As you can see, I was all business with my bright blue jacket and red business cards.
I was in the Wild Card Queue for those too feckless to have booked an appointment weeks in advance. Luckily, the people in the queue were a good chat, or I would have been bored and quietly bubbling into a pot of nerves.
As it was I could happily breeze in and fairly clearly pitch the book to Anna Davis of Curtis Brown. She also read my first page and laughed at the punchline at the end.
She described the writing as 'fun' 'snappy' 'lively' and with a 'spark'. She told me the central 'dreamonger' idea was 'clever', then 'very clever'. She gave me the impression that it was all good stuff.
She also warned me that the genre bending (a comic thriller) and the gender bending (a male writing a book in a female first person) were difficult to market, and potential impossible blocks to finding a place for it.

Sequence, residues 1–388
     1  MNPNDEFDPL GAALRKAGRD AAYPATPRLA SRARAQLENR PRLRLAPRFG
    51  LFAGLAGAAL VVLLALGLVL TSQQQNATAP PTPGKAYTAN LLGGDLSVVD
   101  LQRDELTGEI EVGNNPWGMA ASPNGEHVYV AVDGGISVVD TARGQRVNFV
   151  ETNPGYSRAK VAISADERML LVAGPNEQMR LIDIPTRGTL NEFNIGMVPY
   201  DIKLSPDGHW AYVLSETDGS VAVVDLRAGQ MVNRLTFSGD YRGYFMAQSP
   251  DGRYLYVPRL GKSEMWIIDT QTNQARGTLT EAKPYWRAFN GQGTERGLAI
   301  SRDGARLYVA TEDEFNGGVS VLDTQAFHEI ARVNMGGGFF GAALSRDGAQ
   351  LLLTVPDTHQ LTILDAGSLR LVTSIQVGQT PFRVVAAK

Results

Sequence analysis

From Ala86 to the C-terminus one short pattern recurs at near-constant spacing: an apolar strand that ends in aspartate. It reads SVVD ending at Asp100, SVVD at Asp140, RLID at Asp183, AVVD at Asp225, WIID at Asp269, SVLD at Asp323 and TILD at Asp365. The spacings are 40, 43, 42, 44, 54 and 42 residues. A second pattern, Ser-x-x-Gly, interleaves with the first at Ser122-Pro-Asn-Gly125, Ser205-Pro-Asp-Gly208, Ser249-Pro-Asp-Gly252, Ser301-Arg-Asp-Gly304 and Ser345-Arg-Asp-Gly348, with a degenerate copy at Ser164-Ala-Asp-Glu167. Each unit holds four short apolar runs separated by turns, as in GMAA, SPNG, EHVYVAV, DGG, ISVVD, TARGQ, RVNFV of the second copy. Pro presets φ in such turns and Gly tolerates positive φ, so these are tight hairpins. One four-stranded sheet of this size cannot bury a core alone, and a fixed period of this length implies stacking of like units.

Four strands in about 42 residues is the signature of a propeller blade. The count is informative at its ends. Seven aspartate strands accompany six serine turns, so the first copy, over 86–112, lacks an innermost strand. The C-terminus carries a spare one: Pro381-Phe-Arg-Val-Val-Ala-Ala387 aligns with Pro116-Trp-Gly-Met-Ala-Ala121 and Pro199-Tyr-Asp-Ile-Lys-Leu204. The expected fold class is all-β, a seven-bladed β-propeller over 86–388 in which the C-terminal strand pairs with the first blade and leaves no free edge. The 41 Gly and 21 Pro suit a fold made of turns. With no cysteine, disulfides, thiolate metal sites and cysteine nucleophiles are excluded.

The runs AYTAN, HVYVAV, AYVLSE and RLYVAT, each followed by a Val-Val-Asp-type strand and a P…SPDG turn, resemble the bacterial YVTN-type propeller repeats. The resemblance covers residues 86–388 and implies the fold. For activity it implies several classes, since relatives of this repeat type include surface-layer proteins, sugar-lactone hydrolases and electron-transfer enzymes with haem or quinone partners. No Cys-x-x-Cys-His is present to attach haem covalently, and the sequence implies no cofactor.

That said she told me to carry on giving it a good go, to certainly submit to Curtis Brown but to be prepared to lay the book aside and write another one that might be an easier sell.
A sobering thought certainly, but not a depressing one. She didn't say the book definitely would not find its place in the world, and she was very encouraging about me and my writing, even if she saw difficulties in the book itself.
I personally love Eve and her story and will not give up yet and take encouragement in this. I will pester my way onto a bookshelf eventually.